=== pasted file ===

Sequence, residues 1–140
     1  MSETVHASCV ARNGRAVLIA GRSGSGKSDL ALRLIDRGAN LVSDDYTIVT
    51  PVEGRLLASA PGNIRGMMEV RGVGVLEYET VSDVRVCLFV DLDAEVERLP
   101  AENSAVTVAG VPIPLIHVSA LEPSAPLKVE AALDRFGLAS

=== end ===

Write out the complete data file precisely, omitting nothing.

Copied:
Sequence, residues 1–140
     1  MSETVHASCV ARNGRAVLIA GRSGSGKSDL ALRLIDRGAN LVSDDYTIVT
    51  PVEGRLLASA PGNIRGMMEV RGVGVLEYET VSDVRVCLFV DLDAEVERLP
   101  AENSAVTVAG VPIPLIHVSA LEPSAPLKVE AALDRFGLAS